But the main point is that the ordinary first order logic is complete, it will produce any logical consequence of any axioms, and this was proved by Gödel. This means that if you have a mathematically precise description of some other logic, you can always talk about this logic in terms of first order logic, and consider the other logic as axioms on top of first order logic. This is not a natural point of view, but it is a possible point of view.

The universality of first order logic is the logical analog of Turing universality--- that a finite complexity computer with unbounded memory can simulate any other computer with suitable programming. The formalism of logic is like the instruction set, the axioms are like the instructions of the program, and the deductions are the running of the program. A Turing machine can do Gödel deduction (you can program a computer to deduce in first order logic) and Gödel deduction can describe a computer, so the two results are essentially equivalent, and anything that can be stated in any coherent logical system is something that is meaningful for a computer to analyze and interpret.

So there really is only one type of logic, and Wittgenstein is mostly right. Although it is a mistake to attribute this to Wittgenstein, who was not as mathematically or logically precise at the mathematicians and logicians of the early 20th century in whose footsteps he followed, not as precise, nor as iconoclastic, as Russell, and did not contribute commensurately to the formal developments as Russell did. Further, one may say that Wittgenstein's ideas have a sonority and a lack of mathematical precision that leads those in technical fields to perhaps use the phrase "running one's mouth". The proper attribution of first order logic, the recognition of its importance in philosophy, and the associated logical positivism, better belongs to Hilbert, Frege, Boole, Quine, Gödel, Turing, Russel, Whitehead and others who come before. It continued with those who built the Vienna school, including Carnap, which made logical positivism the ascendant philosophy until the 1970s.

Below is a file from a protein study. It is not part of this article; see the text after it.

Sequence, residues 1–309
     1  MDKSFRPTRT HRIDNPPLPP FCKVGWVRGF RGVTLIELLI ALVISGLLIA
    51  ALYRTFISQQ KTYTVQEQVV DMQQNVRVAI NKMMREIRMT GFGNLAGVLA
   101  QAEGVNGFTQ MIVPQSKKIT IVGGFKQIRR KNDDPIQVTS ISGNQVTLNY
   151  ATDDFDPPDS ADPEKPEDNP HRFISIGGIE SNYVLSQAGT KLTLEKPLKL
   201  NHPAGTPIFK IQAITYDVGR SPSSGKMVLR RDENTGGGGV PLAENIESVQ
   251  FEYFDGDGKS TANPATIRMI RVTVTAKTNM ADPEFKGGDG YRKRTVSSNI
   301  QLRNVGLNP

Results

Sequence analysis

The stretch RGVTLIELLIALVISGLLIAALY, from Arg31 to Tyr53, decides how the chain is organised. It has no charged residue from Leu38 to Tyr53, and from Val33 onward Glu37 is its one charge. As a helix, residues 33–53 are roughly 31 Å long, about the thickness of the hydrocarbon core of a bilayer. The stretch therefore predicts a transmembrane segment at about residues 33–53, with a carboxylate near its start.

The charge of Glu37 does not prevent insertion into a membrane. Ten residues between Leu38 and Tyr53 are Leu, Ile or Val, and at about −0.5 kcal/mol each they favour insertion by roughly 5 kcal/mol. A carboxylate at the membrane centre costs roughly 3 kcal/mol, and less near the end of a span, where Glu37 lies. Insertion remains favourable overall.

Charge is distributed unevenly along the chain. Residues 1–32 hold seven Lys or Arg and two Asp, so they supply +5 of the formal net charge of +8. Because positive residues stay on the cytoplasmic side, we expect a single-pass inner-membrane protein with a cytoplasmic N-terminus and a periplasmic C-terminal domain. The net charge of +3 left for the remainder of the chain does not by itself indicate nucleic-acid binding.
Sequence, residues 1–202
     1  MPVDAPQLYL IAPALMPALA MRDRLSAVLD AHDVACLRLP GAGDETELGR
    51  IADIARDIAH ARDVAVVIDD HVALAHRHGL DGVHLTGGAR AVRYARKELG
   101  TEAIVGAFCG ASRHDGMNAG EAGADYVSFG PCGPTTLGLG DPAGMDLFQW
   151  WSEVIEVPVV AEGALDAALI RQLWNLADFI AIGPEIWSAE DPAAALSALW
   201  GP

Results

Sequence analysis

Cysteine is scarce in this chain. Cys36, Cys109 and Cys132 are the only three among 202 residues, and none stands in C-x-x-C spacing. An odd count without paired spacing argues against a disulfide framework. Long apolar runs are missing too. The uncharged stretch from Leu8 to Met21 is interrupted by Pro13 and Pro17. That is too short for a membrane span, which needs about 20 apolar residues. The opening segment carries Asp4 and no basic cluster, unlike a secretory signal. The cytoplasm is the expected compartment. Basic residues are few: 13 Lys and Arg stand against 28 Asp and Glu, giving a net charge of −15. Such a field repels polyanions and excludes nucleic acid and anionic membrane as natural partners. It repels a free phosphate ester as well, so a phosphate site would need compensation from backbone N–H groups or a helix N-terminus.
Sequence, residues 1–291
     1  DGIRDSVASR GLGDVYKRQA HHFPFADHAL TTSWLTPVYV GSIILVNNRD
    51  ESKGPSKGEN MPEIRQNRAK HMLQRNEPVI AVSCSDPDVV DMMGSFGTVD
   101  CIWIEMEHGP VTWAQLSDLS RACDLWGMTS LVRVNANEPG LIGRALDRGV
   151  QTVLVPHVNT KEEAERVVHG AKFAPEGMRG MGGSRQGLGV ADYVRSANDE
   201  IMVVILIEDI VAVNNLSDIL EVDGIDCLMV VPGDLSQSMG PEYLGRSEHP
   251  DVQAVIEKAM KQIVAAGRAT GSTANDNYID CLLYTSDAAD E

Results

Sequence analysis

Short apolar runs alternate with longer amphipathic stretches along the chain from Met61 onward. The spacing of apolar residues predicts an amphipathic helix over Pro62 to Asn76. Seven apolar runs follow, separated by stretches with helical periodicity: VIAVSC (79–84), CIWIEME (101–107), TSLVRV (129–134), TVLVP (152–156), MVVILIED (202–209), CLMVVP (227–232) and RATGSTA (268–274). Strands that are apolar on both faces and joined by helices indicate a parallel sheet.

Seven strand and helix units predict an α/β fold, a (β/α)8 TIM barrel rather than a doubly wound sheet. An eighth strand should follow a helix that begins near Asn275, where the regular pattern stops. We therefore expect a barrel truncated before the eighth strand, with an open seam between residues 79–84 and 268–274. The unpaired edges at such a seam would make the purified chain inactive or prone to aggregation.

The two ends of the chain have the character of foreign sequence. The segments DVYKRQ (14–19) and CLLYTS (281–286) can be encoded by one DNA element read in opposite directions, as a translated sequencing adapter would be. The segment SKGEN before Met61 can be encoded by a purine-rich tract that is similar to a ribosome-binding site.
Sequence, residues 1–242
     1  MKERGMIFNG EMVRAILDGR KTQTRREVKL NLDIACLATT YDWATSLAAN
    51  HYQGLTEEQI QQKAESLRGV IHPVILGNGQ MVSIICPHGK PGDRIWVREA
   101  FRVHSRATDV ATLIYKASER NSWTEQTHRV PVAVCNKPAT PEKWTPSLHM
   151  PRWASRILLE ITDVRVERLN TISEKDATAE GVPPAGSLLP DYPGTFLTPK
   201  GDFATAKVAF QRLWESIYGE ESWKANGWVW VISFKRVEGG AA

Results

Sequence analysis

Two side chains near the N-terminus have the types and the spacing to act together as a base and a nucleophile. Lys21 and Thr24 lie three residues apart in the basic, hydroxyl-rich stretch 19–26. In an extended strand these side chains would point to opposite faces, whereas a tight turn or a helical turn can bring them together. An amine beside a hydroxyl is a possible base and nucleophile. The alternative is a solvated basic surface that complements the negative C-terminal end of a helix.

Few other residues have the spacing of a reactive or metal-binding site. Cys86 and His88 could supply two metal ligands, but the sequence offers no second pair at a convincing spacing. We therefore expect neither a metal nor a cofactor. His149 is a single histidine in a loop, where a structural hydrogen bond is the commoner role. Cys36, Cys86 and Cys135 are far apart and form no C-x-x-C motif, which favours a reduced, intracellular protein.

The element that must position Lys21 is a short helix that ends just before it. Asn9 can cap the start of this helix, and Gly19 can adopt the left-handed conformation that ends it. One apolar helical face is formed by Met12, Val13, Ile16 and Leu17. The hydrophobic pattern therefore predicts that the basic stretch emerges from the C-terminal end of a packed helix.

The use of predicate language to remove ambiguity, and the thesis that all statements should be formulated in some predicate language about precise observable criteria, is the central tenet of logical positivism, which flourished in the mid-20th century, but took a beating in the 1970-90s.

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Thanks for clearing up some of the logic points. The other (main) question remains to be answered. And I have yet to understand how first order logic encompasses the others... I'll look into it. And it's funny, I really only wrote the "On the other hand, in principle the different logics could have been available to Wittgenstein before 1920." line only because it seems to me that he basically tries to translate Gödels semantic considerations to truth of statements in common language. In any case, I don't value truth as much as many others, so I regard many philosophical questions as sensible. –  NiftyKitty95 Apr 2 '12 at 8:44
    
How does ordinary first-order logic deal with paraconsistent logics such as dialetheism? –  Michael Dorfman Apr 17 '12 at 8:37
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@MichaelDorfman: You write down the axioms of Peano Arithmetic, or some set theory, say, ZF, in first order logic, so that you can talk about mathematics. Then you define the statements of dialethistic logic as text strings (integers), and the deduction rules as manipulations of these (recursive functions, i.e. computations). If the dialethistic logic is well defined, it will have a well defined computer program to do deductions, and this means it can be modelled in PA or ZF or any other reasonable axiom system. Now any statement about the other logic is a first order statement in PA. –  Ron Maimon Apr 18 '12 at 3:27